Residents fight against vacant housing


By Amanda Amsel
Staff Writer

As the housing market continues to bounce back after the recession, Prairie Township residents are worried that their property values may not improve.

Area residents recently voiced their concerns to the Prairie Township trustees during an emotional trustees meeting.

“I live in Darby Estates and am really concerned about my property value because there are so many nuisance properties in our neighborhood,” said Roger Spencer, a concerned Prairie Township resident. “What are you really doing about these nuisance properties?”

Spencer says that in his neighborhood alone there are a handful of properties that are either in foreclosure or have massive amounts of trash piled up in their front yards. He fears if he ever wants to sell his home this would be a serious issue and could lower the value of his property.

However, declaring a property a nuisance is not as easy as one may think. A lengthy process has to take place, which upsets area residents.

“A resident has to first report the nuisance property and then we go out and inspect the property,” said Connie Swisher, Prairie Township zoning inspector. “If we agree we tag the property and the owner has seven days to abate the issue.”

If an owner still does not comply, the township trustees then use pictures to determine if the property should be declared a nuisance property. If the property is declared a nuisance a certified letter is sent to the owner of the property declaring what issues they must correct.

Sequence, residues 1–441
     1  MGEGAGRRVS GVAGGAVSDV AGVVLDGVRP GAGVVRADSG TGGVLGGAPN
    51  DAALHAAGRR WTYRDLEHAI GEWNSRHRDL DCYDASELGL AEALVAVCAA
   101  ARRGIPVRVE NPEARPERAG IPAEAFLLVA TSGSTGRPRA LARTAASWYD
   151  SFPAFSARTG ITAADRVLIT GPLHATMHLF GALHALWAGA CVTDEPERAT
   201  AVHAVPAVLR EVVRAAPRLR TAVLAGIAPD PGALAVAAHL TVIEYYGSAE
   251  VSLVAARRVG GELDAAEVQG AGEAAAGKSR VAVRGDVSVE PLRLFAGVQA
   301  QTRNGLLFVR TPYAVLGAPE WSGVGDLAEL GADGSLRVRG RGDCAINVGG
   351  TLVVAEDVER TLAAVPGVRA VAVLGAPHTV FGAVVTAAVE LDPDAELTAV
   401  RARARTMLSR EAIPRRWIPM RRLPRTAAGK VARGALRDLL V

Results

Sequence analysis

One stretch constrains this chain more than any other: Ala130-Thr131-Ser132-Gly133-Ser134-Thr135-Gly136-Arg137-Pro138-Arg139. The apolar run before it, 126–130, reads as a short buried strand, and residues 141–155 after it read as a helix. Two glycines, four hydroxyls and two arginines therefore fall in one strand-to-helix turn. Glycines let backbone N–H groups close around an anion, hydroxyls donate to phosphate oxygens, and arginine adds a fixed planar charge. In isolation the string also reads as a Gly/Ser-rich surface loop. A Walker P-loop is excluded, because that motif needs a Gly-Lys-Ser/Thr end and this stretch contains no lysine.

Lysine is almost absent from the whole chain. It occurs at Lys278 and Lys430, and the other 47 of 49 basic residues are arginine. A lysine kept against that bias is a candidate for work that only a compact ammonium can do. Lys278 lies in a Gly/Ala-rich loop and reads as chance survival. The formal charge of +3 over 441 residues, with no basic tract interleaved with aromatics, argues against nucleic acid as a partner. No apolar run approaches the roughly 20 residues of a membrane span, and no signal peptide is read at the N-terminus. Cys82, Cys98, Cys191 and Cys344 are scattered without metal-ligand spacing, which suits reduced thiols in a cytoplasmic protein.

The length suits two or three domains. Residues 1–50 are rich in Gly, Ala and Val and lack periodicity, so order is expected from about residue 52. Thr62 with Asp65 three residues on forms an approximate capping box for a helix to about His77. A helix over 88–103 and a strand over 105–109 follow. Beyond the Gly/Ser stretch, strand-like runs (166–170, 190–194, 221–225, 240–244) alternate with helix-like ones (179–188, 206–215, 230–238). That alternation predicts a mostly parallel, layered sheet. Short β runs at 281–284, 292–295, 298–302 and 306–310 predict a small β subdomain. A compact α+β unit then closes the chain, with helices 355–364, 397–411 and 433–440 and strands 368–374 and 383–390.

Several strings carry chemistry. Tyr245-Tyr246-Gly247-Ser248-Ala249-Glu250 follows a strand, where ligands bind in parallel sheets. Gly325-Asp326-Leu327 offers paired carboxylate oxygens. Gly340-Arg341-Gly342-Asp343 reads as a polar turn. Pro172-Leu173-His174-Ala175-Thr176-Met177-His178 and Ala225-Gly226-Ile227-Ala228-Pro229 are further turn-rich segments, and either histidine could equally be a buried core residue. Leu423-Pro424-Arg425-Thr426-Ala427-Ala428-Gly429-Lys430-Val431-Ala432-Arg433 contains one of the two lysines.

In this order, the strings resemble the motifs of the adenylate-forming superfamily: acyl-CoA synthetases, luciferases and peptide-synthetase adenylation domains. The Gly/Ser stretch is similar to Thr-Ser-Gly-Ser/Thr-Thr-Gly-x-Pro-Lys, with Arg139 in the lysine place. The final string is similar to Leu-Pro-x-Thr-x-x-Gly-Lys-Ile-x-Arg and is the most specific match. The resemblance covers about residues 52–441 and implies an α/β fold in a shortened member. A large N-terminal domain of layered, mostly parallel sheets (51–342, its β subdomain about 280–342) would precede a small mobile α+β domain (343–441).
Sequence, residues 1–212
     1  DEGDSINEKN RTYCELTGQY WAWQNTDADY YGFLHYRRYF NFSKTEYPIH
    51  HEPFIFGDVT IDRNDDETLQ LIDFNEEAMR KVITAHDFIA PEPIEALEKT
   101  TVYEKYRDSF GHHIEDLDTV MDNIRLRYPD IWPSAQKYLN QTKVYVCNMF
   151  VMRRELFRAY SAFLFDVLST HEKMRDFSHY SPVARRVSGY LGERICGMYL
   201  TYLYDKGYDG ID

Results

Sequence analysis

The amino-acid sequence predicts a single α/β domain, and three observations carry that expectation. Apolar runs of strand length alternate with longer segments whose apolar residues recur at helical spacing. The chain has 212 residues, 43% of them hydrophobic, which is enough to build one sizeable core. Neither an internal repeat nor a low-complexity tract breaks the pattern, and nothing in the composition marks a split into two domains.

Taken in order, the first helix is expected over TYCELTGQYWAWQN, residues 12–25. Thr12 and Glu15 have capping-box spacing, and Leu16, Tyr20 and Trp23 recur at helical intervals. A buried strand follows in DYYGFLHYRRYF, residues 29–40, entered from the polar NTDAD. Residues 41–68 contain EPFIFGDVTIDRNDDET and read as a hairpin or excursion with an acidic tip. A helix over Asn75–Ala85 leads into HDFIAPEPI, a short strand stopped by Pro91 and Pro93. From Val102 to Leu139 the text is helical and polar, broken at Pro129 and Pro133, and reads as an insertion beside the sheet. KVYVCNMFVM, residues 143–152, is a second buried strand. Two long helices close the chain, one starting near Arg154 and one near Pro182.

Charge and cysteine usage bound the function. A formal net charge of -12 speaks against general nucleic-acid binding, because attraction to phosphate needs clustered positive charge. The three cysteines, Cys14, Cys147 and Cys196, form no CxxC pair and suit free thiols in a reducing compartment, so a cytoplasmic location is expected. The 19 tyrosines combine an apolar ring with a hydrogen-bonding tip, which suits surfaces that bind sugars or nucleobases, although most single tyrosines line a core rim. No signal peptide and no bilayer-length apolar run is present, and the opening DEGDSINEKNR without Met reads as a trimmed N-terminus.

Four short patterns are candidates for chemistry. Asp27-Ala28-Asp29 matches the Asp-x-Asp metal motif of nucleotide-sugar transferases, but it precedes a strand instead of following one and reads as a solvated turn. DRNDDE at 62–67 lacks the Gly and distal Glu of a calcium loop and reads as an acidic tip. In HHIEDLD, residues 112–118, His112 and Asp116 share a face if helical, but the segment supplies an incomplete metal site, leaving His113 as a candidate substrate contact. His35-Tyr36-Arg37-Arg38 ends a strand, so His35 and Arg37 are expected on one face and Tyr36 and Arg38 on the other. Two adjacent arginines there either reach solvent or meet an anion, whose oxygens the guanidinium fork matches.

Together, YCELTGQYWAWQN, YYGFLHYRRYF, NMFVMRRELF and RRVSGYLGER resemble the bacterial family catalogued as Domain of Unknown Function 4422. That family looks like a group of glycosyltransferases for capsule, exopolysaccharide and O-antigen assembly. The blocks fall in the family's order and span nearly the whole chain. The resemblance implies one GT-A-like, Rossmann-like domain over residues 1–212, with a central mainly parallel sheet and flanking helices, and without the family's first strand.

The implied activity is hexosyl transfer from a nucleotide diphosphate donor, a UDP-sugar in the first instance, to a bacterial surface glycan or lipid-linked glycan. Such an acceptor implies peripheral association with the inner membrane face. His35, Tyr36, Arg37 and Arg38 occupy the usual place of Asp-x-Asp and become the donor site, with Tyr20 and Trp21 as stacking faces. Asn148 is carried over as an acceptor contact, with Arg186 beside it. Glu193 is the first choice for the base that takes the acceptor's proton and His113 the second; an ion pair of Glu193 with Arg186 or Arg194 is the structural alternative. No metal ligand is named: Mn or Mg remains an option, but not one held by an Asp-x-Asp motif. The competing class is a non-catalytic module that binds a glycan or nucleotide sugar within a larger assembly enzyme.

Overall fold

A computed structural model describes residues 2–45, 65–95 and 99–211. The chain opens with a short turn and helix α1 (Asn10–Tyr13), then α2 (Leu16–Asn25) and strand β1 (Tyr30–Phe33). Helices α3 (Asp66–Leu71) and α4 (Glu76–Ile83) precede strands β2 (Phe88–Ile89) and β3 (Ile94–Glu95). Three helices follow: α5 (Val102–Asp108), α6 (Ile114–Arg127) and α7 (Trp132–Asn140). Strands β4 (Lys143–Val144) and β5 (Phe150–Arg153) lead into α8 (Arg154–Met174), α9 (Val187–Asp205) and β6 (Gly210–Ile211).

If a property owner still does not comply the township will come in and correct the issue and assess a penalty to the owner’s taxes.

In 2013 the township received 256 nuisance complaints and the trustees declared 176 nuisance properties. The nuisance issue was then corrected on 82 properties.

“The board of trustees takes this issue very seriously,” Swisher said. “They have been very aggressive in getting these issues addressed and have handled every issue fairly.”

However, some residents do not agree with this and think the board should be doing even more.

“I do not think residents should have to report an issue to get something done,” Spencer said.

“The trustees should be proactive and assigned to residential areas where they proactively report and enforce these properties.”

Spencer also thinks there should be stiffer fines if a residence is a repeat offender.

“They come out and clean up a property and then a few months later it is in the same condition again,” he said. “There should be more action taken if they are a repeat offender.”

While no compromise on this issue may arise in the immediate future, the trustees do welcome suggestions by the community on how they can improve this process.

“For most people your home is your biggest investment, so I understand area residents frustration,” said Tracy Hatmaker, township administrator. “One of the goals of local government is to improve the quality of life for our citizens and this includes property value. We welcome suggestions and want to have a open dialogue about this issue.”

To voice your concerns about a nuisance property in your neighborhood, contact Connie Swisher at or call 878-3317 ext. 102.


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